The Polar FT40 is very similar to the Polar FT7. In fact the FT40 adds just two main additional features to the FT7 model, the rest being pretty much the same between the two HRMs. Everything that is said about the FT7 applies to the FT40 (except that the FT40 saves up to 50 sessions' data). First, the Polar FT40 calculates the fat percentage of calorie burnt and not just calorie burnt. Next, and more importantly, the Polar FT40 offers a Fitness Test to track your long term fitness. This is a simple test and takes a few minutes to perform. At the end of the test, you get a number called OwnIndex. This number is comparable to VO2 Max, and it is an indicator of your aerobic fitness. You can take this test periodically to measure how much your fitness has improved. It is really nice to have a quantitative measure, a concrete number, to see your fitness improvements.
Lastly we come to the Timex Ironman Race Trainer. It is a great training tool for running and cycling. You can manually set up a heart rate training zone or train in one of the 5 preset heart rate training zones (based on age). It has large, easy-to-read screens that are simple to navigate. It offers a 5 segment interval timer (repeatable) and a lap counter (up to 50 laps). It also features a countdown timer (3 options) and a recovery heart rate timer (selectable between 30 secs, 1, 2, 5, 10 minutes). A lot of different data can be reviewed: time in target zone, average/max/min heart rates, calorie burnt, lap times/heart rates, interval times/heart rates, recovery heart rate. Up to 10 sessions' training data can be saved. It uses digital transmission to avoid interference and cross talk. Timex Ironman Race Trainer comes in several shapes and sizes: T5K217, T5K216, T5K218, T5K219.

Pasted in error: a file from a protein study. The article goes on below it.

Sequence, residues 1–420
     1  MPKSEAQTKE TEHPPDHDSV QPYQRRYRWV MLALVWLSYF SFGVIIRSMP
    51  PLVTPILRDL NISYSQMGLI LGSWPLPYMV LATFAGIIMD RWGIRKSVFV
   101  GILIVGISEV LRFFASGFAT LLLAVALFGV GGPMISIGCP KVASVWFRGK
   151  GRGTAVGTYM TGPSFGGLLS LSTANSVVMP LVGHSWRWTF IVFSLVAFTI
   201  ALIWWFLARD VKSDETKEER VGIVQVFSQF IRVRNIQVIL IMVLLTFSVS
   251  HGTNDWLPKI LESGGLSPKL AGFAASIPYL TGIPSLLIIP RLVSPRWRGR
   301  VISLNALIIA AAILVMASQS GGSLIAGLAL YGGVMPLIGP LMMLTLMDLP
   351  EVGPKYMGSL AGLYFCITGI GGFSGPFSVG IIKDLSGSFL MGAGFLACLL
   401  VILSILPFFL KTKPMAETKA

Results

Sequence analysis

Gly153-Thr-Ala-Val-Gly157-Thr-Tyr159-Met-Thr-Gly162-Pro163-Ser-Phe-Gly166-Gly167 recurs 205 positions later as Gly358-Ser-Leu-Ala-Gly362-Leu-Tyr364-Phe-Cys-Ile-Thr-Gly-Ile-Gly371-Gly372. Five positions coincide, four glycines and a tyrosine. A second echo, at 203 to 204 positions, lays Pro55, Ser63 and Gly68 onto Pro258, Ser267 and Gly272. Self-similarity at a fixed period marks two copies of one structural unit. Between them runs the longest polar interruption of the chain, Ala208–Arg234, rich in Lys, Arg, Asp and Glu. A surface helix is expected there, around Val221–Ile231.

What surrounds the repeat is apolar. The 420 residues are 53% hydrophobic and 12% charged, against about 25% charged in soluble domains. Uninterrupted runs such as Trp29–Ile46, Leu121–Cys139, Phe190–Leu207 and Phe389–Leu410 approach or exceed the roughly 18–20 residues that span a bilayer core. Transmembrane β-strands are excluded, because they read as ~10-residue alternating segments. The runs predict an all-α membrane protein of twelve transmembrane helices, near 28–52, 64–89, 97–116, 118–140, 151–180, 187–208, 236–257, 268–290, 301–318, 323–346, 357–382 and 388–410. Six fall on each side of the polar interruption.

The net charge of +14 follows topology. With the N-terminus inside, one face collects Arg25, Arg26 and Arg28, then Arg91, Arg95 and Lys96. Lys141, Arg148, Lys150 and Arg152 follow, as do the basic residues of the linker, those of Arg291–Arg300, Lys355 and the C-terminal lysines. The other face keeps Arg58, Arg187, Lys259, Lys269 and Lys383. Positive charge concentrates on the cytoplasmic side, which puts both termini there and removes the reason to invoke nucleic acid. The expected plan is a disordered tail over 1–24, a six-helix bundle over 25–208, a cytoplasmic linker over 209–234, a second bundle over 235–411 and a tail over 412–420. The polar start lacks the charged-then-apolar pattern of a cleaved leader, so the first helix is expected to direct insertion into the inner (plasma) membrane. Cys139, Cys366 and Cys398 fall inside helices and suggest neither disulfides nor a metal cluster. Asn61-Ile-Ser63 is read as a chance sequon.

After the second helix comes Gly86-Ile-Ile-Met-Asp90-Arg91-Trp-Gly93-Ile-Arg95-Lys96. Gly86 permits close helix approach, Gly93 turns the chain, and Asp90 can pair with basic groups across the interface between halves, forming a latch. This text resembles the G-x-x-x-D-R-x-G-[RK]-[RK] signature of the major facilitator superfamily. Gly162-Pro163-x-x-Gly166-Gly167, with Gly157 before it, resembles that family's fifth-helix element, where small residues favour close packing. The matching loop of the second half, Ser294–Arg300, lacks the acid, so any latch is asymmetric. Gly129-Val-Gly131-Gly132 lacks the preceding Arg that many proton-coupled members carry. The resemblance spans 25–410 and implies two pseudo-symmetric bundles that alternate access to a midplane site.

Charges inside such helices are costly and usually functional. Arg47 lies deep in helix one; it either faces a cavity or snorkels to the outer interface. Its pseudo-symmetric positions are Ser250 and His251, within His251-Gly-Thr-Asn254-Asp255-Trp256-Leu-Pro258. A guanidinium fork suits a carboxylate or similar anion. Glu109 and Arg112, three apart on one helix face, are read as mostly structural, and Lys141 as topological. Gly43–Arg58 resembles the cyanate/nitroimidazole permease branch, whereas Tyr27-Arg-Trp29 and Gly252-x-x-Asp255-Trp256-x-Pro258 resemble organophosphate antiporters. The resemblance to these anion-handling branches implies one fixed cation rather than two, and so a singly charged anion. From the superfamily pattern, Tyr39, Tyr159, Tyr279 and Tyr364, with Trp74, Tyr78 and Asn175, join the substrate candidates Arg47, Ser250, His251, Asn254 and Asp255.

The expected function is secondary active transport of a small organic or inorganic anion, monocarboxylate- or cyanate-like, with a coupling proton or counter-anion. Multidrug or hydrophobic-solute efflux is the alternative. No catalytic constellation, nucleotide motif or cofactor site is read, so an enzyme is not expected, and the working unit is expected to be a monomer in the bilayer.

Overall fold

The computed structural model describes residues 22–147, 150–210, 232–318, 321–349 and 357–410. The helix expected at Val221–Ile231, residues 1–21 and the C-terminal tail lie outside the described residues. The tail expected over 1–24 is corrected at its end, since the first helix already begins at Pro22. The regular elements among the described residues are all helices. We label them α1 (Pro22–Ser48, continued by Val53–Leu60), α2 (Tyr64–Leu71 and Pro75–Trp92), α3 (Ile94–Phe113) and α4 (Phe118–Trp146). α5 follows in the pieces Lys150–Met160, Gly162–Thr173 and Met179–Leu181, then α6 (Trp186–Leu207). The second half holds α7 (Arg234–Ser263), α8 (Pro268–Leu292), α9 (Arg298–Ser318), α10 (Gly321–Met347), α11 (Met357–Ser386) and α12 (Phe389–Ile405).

Recommended Advanced Fitness Heart Rate Monitors
The Polar FT60 stands out among other advanced heart rate monitors. It is able to offer training advice to you if you want it. Based on your goal and Fitness Test result, it helps you plan your workouts by suggesting weekly exercise time (in various heart rate zones) and calorie targets. At the end of the week, it gives you training feedback, and plans a new set of targets for your workouts for the following week. This Star Training Program fulfills some functions of a real coach. You can also use the FT60 to track your weight graphically. The FT60 provides the OwnZone automatic heart rate training zone (based on your state of fitness). In addition it also lets you set manual heart rate training limits, which is a feature mysteriously dropped in FT7 and FT40. So for those users who want to have FULL control over their heart rate training zone, the Polar FT60 is the one. Once the workout is over, you can review training effect feedback, time in various HR zones, average/maximum heart rates, calorie burnt (with fat %). It also stores training data for up to 100 workout sessions, so you can review them later. For users interested in speed and distance measurements when running, the FT60 can be paired with an optional Foot Pod (or GPS Sensor) too. Here is a user review that gives the reasons why he has chosen the Polar FT60 instead of Polar F55 and FT80. Note that we do not include the Polar FT80 in this recommendation, even though it is based on the FT60. The reason is that the FT80 seems to have a lot more issues with users, in particular regarding its display which for many is difficult to read.
That is it, folks. Hope that we have shown you which fitness heart rate monitors are worth your consideration. For more suggestions on intermediate and advanced heart rate monitors, particular those with specific features for running, please see the running heart rate monitor page.